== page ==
History of Modern Ethics
Stephen Darwall
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Hobbes Lecture 4

I. We begin with Hobbes III, VI.--IX., concerning the ethics as a science of the laws of nature, Hobbes' definitions of science, theorems, etc.

To sum up the conclusion, Leviathan aims to provide an interrelated account of human nature and of political authority and relations. And the two will have to be related, since the very existence of the state depends on the obligation of contracts, and that obligation will itself have to be explained as part of ethics.

II. The main steps in the argument begin Chapter 11:

A. Human desire never ceases, therefore ``felicity is a continual progress of the desire, from one object to another; the attaining of the former, being still but the way to the latter. The cause whereof is, that the object of men's desire, is not to enjoy once only, and for one instant of time; but to assure for ever, the way of his future desire.'' (11.1)

B. Therefore, ``the voluntary actions, and inclinations of all men, tend, not only to the procuring, but also to the assuring of a contented life.'' (11.1)

C. Therefore, human beings desire ``power after power, that ceaseth only in death.'' (11.2)

III. Conjoining this with Hobbes's projectivism, this gives us that everyone accepts that assuring their continued power is good or to be done. In Chapter 13, Hobbes turns, specifically to drawing some inferences from this premise, when it is conjoined with other features of the situation facing individuals who lack some common political authority (the state of nature), including features of human passion. These include:

A. Rough equality of physical and mental power (13.1-2) B. Common knowledge of A leads to rough equality of hope in attaining the power to assure a contented life. (13.3) C. Moderate scarcity leading to competition for power and goods. (13.6) D. Competition for reputation and glory (13.6)

IV. Hobbes concludes that in a state of nature individuals will find a state of war rationally unavoidable. The idea is not that individuals are naturally aggressive and war-like. Rather, given uncertainties about what others are likely to do, and the need to assure one's own power, then it will be rational for any individual to take an aggressive stance towards others.

A simplified version of this argument is to see it as modeling the state of nature on prisoner's dilemma, that is, a situation in which, for each person, the optimal individual strategy is aggression, but where this strategy is collectively (mutually) disadvantageous. An obvious problem with this is that in iterated prisoner's dilemma, when individuals plays affect others' future plays, then aggression is arguably not the dominant strategy. Greg Kavka argues that we should read Hobbes as having a more complicated argument, one in which individuals take it that there are at least some others who will be aggressive whatever they do. Uncertainty of this sort can make aggression the rational strategy even if it wouldn't be otherwise.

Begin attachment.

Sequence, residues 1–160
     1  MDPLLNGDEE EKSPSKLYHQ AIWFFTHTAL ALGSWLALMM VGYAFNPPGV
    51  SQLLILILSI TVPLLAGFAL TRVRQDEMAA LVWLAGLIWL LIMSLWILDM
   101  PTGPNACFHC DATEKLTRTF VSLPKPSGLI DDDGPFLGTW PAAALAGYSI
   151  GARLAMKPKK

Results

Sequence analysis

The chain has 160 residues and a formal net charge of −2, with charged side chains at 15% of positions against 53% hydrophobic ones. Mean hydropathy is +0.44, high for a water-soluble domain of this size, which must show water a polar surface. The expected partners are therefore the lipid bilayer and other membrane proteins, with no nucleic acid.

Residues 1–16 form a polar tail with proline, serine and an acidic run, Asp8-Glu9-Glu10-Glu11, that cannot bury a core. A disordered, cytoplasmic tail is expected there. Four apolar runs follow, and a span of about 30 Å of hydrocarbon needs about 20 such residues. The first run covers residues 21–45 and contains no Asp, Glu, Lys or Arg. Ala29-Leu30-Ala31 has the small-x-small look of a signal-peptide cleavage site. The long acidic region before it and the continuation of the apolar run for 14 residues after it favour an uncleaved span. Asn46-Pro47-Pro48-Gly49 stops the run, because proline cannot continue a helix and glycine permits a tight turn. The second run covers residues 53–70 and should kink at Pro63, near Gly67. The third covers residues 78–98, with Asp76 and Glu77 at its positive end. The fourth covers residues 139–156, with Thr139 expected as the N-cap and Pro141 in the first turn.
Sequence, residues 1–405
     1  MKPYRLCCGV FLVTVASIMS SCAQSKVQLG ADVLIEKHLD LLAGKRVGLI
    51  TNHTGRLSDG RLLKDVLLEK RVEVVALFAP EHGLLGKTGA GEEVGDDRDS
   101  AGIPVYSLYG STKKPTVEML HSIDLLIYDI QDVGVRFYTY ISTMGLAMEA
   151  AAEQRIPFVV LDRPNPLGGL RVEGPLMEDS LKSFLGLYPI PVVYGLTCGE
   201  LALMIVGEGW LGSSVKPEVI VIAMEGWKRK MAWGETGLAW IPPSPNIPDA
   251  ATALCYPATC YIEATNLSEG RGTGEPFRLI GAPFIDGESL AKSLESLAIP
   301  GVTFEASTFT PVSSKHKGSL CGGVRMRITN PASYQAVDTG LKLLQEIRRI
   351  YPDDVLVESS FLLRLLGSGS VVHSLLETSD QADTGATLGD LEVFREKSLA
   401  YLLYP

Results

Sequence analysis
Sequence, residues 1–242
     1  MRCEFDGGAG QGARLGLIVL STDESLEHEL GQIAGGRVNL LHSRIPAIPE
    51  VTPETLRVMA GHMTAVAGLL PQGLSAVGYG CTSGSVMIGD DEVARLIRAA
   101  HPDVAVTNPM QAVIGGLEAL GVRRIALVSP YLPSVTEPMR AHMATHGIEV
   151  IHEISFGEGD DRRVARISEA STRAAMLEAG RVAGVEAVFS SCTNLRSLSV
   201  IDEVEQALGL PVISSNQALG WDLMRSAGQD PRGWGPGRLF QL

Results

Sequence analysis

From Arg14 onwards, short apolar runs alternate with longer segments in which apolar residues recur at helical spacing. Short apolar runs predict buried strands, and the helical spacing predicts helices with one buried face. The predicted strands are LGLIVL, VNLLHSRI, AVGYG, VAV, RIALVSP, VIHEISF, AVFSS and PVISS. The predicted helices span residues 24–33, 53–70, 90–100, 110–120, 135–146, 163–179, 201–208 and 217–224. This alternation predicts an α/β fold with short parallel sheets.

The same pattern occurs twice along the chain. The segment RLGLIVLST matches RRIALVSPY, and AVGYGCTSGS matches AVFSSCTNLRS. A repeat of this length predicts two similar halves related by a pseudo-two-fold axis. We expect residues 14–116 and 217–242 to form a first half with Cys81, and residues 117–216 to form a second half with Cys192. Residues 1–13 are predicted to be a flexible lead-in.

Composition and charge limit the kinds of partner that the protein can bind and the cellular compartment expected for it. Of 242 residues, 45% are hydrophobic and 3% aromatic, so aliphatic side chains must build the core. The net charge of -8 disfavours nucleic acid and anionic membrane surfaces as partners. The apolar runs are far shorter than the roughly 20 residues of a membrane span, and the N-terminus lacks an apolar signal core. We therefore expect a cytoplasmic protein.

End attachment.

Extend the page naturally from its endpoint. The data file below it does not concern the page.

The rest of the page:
V. In any case, I propose to assume that Hobbes is right that the state of nature is a state of war, since I am interested in what Hobbes believes to be the route out of the state of nature, namely, covenant. At the end of Chapter 13, Hobbes says that the notions of right and wrong, justice and injustice have no place in the state of nature because ``where there is no common power, there is no law: where no law, no injustice.'' (13.13) Now for Hobbes the existence of both a common power and law depends upon covenant. So when he delimits the ``science of just and unjust'' in Chapter 9, he tells us that it is the science that draws consequences from ``speech … in contracting.'' What is it about covenant that gives it this special role? Or to put the point in a slightly different way, how do covenants obligate, in general, and how does a covenant with others to establish a sovereign create the obligation to follow his commands?

VI. If we look at Hobbes's definitions of `covenant', `right' and `obligation' it emerges pretty quickly that these are interdefinable.

A. Contract is a ``mutual transferring of right'' (14.9)

B. Covenant is a contract in which one party performs his part, trusting that other will do so when the time comes.

C. Obligation is the state one comes to be in by ``granting away'' or in some other way transferring a right.

If we take these definitions at face value, it simply follows from the fact that one has covenanted that one is obligated to perform. But can this be the whole of Hobbes's argument? Of course, Hobbes is free to define terms as he pleases, but these definitions can't assure that obligations, so defined, have any normative force. So what does that derive from? To put the point another way, what is the relation between the obligation to keep covenant, so defined, and the third law of nature: ``that men perform their covenants made''. (15.1) Next time we shall turn directly to that question, and to Hobbes's reply to the fool.

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